The marine logistics subsector is set for greater things. Two local firms have acquired five ships to boost their operations. The Ocean Marine Tanker (OMT) brought in two tankers, MT Abiola and MT Igbinosa; CNS Marine Nigeria Limited acquired three vessels – Adessa Ocean King, Adessa Legend, and Adessa Sea Protector.
While Ocean Marine vessels are for cargo, the CNS Marine’s are for offshore support and conveyance of personnel on offshore engagements. The vessels, according to the Nigerian Content Development and Monitoring Board (NCDMB), will benefit the country immensely, both in capacity development and job creation. The board has since its establishment, and passage of the Nigerian Content Act in 2010, been spearheading campaigns to promote ownership of vessels by Nigerian firms. It encourages banks to fund such projects to build in-country capacity.
The Executive Secretary, NCDMB, Ernest Nwapa, told The Nation that before the introduction of local content in 2006, over 95 per cent of the yearly budget in oil and gas industry, including maritime activities and logistics, was spent on foreign companies.
Nwapa identified the marine sector as one of such areas with high impact in employment, retention of industry spend, technology transfer and value added services. He said the Board has endeavoured to protect the sector, making it one of its focus of Nigerian Content Act implementation strategies.
He said the board stood against the issuance of Temporary Import Permit (TIP) for indigenous marine vessels, as it discourages indigenous ownership and registration of marine vessels in Nigeria, thereby conferring advantage to foreign vessel owners.
He stated Nigeria has lost over $100 billion in revenues in the last five decades to lifting and conveying of crude oil by foreign owned tankers, saying the trend is being reversed as Nigerian firms are increasingly getting involved in the subsector.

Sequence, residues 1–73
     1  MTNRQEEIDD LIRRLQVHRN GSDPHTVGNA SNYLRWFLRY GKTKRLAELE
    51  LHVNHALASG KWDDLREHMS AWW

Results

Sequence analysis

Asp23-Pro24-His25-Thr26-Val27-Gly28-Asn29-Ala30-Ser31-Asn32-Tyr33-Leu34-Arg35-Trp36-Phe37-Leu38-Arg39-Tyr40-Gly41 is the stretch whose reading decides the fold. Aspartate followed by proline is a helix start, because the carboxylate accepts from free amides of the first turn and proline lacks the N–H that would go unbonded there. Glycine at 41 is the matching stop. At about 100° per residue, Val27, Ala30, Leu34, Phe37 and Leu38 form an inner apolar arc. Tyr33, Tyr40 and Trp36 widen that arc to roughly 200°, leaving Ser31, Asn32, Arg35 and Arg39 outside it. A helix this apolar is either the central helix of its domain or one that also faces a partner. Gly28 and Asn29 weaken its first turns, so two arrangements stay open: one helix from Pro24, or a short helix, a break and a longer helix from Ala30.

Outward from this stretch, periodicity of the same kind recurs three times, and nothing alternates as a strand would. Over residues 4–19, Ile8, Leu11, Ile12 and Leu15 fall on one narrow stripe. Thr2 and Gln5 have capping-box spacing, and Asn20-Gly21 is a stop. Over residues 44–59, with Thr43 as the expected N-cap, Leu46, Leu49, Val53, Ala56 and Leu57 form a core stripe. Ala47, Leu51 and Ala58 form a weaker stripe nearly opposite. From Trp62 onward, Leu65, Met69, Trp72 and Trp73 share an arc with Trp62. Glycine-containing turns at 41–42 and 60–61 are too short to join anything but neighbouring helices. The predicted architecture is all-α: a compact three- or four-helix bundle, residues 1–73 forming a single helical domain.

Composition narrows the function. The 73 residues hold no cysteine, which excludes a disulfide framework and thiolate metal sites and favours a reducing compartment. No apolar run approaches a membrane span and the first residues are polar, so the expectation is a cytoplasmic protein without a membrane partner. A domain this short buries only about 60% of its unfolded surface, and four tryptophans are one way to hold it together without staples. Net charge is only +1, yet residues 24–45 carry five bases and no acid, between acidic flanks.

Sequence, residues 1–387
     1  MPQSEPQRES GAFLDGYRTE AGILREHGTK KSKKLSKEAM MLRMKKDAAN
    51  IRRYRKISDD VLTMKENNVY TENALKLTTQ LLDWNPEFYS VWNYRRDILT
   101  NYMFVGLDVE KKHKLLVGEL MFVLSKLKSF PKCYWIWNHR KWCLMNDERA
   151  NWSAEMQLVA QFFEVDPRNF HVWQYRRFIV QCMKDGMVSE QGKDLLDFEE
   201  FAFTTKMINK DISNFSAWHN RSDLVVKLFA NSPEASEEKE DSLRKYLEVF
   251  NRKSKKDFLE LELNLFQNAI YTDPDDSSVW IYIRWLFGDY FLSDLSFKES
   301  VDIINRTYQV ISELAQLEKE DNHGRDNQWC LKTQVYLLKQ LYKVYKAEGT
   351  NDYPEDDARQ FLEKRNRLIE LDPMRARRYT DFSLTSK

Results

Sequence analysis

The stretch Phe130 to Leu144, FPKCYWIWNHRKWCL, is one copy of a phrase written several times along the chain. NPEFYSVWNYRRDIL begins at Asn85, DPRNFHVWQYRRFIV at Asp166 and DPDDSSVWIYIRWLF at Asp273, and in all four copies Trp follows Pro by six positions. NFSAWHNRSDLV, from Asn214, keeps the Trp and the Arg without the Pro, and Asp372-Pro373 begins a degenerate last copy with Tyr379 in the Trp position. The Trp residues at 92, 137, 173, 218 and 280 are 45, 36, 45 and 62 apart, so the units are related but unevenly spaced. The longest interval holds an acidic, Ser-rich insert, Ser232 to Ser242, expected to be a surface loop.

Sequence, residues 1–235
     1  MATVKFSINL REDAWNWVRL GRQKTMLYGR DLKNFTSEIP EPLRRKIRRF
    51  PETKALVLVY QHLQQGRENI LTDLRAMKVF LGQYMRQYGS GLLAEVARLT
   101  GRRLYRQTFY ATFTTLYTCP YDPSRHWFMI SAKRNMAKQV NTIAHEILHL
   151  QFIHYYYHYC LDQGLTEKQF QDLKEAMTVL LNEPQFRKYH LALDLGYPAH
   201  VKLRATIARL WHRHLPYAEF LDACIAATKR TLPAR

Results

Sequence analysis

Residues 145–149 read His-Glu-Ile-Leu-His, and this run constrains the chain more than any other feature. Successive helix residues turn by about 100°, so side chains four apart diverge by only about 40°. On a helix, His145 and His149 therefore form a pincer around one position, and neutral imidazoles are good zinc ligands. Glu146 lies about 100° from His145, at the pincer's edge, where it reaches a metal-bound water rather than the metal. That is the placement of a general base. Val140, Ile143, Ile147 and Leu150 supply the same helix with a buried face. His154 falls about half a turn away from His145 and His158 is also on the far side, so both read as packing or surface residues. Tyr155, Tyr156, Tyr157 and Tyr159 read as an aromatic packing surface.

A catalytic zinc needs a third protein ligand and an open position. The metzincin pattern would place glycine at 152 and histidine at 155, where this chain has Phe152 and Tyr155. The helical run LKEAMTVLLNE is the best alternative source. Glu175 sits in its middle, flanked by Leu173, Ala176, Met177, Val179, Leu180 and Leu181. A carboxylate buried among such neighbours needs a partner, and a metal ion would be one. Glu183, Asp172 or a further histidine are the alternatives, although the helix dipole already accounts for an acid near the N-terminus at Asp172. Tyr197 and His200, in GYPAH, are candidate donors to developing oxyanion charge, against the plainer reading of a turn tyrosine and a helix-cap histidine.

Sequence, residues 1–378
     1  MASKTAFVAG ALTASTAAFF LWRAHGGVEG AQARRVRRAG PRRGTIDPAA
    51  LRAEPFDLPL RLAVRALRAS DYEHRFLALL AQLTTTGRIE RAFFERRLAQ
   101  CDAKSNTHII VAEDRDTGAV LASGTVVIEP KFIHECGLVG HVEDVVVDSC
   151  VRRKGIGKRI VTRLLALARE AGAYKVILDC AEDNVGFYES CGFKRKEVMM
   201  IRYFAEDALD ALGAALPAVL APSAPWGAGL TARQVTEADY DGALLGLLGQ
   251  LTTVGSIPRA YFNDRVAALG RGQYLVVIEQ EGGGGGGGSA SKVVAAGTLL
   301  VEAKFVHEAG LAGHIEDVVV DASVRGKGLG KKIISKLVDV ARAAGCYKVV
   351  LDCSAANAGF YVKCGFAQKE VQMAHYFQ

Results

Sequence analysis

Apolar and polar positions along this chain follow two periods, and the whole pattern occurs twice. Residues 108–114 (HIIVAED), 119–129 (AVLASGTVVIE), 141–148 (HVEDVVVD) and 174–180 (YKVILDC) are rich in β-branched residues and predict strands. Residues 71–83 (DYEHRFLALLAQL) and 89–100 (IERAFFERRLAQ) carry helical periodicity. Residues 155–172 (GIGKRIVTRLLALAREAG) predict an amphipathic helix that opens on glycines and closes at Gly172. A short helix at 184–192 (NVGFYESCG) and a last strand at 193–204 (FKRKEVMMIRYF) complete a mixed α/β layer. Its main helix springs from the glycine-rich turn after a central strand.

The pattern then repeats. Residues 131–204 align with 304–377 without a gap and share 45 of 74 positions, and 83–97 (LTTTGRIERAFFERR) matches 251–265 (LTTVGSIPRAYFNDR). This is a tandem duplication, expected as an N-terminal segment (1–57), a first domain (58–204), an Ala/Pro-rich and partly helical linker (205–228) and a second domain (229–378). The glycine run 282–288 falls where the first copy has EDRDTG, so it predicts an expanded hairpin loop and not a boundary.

Nwapa explained that vessels owned by foreigners undergo repairs and maintenance work outside Nigeria, while Nigerians have the capacity to do the jobs, saying under the new development, such jobs would be carried out in-country in ship yards in Nigeria.
He said: “The TIP not only discouraged the ownership and registration of marine vessels in Nigeria, but also gives advantages to foreign vessel owners, who are allowed to pay a token to the government for bringing in their vessels. Furthermore, it promotes the practice whereby vessels that work in Nigeria, sail to neighbouring countries to meet their TIP conditions and undergo repairs concurrently, whereas such maintenance can be done at ship yards in Nigeria.
“The sector used to be dominated by foreign owned vessels, crews and rig operators, resulting in $3 billion capital flight. But with the Board’s marine vessel and rigs ownership strategy, the trend is changing with increased indigenous participation.”
Nwapa said indigenous players are currently participating fully in the smaller vessel category, thereby retaining about $1 billion out of the annual expenditure in that area, adding that a structured intervention for more Nigerian ownership of the larger offshore vessels has been put in place, with a potential for retaining a further $1.5 billion in the next two years.